An ESG strategy is no longer a nice-to-have, it is a necessity

Key ESG considerations for the real estate industry in Asia

15 Nov 2021

By Henry Hsu & Shashank Gangil

A Guide to Asia Pacifics Data Centre Industry for Investors and Enterprises

The past two years have seen a heightened focus on environmental, social and governance (ESG) issues as unprecedented pandemic- and climate-related disruption has driven governments, corporations and communities worldwide to move toward more sustainability-based policies and practices. The key discussions and commitments emerging from COP26 serve to further underscore the critical fact that ESG and sustainability cannot – and should not – be ignored.

This is certainly the case in the real estate industry in Asia, where ESG is increasingly being viewed as more than a buzzword. Rather, it is starting to play a much more prominent role in how businesses operate as a growing number of investors and occupiers seek to embed ESG considerations into every stage of the real estate lifecycle.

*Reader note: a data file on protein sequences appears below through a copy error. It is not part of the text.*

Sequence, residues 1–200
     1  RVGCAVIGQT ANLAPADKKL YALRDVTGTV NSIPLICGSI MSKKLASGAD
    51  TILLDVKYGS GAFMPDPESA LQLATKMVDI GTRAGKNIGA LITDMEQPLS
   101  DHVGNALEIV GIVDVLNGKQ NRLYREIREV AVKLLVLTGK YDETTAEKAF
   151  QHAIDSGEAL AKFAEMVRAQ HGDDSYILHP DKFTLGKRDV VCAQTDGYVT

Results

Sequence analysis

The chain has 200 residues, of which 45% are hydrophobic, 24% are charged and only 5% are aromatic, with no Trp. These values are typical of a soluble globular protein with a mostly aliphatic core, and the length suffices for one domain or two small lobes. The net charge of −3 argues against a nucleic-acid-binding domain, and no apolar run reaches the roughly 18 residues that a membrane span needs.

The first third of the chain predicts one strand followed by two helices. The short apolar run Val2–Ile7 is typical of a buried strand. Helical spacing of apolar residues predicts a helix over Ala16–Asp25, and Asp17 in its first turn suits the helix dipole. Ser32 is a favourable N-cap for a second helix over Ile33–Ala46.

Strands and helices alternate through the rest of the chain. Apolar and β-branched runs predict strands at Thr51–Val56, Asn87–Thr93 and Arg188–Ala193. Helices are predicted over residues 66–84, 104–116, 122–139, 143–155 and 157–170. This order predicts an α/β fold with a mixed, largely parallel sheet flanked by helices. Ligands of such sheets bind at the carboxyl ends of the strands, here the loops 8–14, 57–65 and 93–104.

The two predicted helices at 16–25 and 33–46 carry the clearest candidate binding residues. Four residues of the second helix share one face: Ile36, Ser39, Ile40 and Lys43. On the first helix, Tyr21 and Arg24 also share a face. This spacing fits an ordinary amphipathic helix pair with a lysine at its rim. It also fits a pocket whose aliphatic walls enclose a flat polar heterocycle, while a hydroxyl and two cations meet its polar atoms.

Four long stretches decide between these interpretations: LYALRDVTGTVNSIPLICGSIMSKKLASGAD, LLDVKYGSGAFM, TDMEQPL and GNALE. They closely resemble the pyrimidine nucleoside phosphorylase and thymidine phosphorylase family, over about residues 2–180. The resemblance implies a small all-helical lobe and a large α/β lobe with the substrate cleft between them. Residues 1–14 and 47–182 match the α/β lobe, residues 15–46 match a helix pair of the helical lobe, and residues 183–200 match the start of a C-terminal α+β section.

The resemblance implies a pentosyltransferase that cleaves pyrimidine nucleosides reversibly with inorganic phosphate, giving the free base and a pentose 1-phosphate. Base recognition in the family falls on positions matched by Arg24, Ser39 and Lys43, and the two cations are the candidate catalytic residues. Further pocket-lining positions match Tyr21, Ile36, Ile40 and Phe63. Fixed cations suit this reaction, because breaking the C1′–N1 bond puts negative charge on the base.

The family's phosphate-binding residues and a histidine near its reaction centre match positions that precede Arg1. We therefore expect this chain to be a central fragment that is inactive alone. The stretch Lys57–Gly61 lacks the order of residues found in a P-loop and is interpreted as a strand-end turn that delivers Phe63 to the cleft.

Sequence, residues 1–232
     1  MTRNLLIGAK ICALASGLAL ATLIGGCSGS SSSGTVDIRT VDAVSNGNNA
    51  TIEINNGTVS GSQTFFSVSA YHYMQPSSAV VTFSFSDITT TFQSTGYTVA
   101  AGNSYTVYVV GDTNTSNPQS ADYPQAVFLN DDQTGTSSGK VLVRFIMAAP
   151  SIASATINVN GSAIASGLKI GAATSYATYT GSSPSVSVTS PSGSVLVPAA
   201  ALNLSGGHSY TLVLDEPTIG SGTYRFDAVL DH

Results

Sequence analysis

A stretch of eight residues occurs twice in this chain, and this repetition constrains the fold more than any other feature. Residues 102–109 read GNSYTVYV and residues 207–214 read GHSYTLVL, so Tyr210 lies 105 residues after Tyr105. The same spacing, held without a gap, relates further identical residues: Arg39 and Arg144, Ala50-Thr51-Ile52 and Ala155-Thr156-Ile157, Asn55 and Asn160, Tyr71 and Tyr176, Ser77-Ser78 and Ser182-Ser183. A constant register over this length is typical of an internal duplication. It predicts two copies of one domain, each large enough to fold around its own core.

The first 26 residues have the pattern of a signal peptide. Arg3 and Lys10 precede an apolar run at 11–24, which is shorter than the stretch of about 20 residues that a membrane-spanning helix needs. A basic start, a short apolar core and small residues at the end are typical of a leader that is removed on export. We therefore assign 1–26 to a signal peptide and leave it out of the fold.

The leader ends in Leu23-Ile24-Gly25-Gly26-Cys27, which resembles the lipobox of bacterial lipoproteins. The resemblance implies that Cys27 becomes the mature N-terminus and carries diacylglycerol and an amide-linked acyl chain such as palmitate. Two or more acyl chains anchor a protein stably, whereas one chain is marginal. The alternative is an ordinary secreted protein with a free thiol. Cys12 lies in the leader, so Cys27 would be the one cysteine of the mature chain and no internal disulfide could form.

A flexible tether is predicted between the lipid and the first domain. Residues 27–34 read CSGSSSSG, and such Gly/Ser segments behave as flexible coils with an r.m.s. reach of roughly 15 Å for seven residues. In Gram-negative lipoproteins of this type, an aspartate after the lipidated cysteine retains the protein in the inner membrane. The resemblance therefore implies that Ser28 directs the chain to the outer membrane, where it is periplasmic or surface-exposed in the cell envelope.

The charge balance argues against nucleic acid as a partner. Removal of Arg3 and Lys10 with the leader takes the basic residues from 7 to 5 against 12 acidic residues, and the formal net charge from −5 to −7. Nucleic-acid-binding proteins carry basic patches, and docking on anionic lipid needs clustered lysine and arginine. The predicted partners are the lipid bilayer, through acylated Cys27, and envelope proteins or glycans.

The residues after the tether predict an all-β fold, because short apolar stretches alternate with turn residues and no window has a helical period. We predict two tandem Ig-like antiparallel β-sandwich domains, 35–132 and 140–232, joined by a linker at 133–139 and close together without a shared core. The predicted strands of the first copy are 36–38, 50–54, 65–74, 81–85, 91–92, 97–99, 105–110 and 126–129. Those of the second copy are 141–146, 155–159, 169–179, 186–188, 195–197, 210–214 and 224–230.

CBRE’s Asia Pacific Global Investor Intentions Survey 2021 found that nearly half of the surveyed investors in the region stated that they have already adopted ESG criteria as part of their investment strategies, representing a significantly stronger focus on ESG issues than in 2020 (Figure 1).1

Figure 1: To what extent do you plan to adopt ESG criteria into your investment strategy?


To this end, we continue to see a number of key ESG trends and developments in Asia that have taken hold this year and that will continue to shape the landscape for real estate investors and occupiers in 2022.

A drive to implement net-zero strategies

We are seeing increasing demand for building owners and tenants to reduce their carbon footprint, with many in the industry aiming to develop and implement net-zero carbon strategies. In many cases, the targets set out in these strategies are aligned with where organisations’ core operations are based; for example, aligning with Hong Kong’s Climate Action Plan 2050 or Singapore’s 2030 Climate Action Plan.